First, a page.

How to be faster/more efficient? - page 2
I have been working sub acute rehab for a year now. I carry 12-15 patients, generally 14 on any given day. I have an 8 hour shift and work 6-2:30 but NEVER leave on time. Today I was called to come... Read More
Apr 11, '11 by CapeCodMermaid, RNMoney aside, and yes I've done MMQs, controlling blood sugars with sliding scale insulin is not in the best interest of the resident.
Apr 11, '11 by leslielI'm a new graduate, that just started my career in LTC nursing. I have only been working for a month and I can relate to everything that has been written in the previous posts!! I sometimes feel used and abused by the management of the facility. They expect us to give medications, finish treatments, do dressings for an unbelievable amount of patients, all while adhering to policies and procedures AND leave on time?!? I'm sorry, I did not know that I had to sacrifice my physical well-being and sanity for the efficiency of the institution. At times, I feel like there is not one soul within management that care enough for the residents to try and change something. I learned SO much in nursing school that we need to advocate and "be the change you want to see" but, how is this possible when there is barely enough time to perform the most basic care?? My apologies for the rant!
One thing that I found that helped me was that I cut down on conversation. As terrible as that sounds, I keep interaction with the residents to a minimum. I found that many of the elderly have tons of stories! If I stop to engage, I could be held up for an extra 2 minutes that I just can NOT spare! Right now, as I am adjusting this is something that I found is helping, as my skills improve I hope that this something that will change! I know I have a tendency to be chatty as well, so this is something I definitely need to work on as well!
Jan 25, '13 by wannabenkI am in the same position as you right now. I am working in a rehab area that has long terms mixed in. Right now I have 8 rehab and 8 long term care. There really isn't enough time to really assess the patients. You are suppose to assess the individuals mental well being as well as physical but how can you do that when you don't talk to them. You can't just walk in heres your med and leave. Right now I have a patient that when he came in was a thriving happy go lucky man. Now I notice he has been sleeping my whole shift and not eatting. I took the time to talk to him and he asked me "why am I sleeping so much, could I be depressed?" and asked if a priest comes around. I took the time to talk to him. He was concerned about going home with a foley in place and other things. I do not want to just start popping pills like I have seen people do. I have been told don't get attached to my patients but I am sorry that is why I got into nursing.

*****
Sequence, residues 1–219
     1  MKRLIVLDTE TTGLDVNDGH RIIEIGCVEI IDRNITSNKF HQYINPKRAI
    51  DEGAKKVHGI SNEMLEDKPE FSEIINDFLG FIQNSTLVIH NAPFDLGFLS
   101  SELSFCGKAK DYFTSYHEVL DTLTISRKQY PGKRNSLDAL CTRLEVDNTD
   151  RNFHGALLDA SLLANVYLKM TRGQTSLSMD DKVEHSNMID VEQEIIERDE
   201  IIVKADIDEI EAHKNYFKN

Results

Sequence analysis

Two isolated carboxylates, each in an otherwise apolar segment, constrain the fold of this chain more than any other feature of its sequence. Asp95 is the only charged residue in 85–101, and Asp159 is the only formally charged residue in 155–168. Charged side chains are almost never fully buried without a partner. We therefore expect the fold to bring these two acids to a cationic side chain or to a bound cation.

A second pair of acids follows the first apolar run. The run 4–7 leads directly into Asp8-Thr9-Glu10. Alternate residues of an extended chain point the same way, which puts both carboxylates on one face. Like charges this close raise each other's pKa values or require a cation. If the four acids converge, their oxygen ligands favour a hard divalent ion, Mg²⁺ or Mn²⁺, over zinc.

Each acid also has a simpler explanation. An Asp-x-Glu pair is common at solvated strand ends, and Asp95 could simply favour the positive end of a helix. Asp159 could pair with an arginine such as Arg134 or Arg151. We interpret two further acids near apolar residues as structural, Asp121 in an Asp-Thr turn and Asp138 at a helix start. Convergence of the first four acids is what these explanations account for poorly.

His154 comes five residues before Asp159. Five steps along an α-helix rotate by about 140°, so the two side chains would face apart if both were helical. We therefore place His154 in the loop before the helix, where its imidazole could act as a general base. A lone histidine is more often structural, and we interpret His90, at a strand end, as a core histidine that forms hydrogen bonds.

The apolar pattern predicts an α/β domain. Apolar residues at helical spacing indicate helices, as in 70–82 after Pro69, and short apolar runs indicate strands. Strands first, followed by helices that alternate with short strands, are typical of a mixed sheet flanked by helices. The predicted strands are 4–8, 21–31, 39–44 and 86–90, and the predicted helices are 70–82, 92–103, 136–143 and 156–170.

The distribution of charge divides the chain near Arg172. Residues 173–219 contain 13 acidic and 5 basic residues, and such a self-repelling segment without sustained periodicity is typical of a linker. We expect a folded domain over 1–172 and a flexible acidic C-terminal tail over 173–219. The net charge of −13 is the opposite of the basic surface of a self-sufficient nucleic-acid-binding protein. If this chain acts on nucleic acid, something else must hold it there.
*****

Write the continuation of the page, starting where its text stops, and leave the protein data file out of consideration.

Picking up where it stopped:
Jan 25, '13 by NurseGuyBri, BSNI will say this and take from it what you want (I'm being a little silly). It is unfortunate that I tell my staff this: I have to ask 150% from you because that's what we have to do. I know you can only give 90%, because you're human. Everyone makes mistakes. Be honest with me and let me know the 10% you are having trouble with and we'll work it out.
Know this- your managers know it's impossible, but corporations do not. Corporate makes the managers act like you just have to do it. We share it down the line. A good manager, however, will attempt to help as much as possible or even (gasp) help streamline a few things.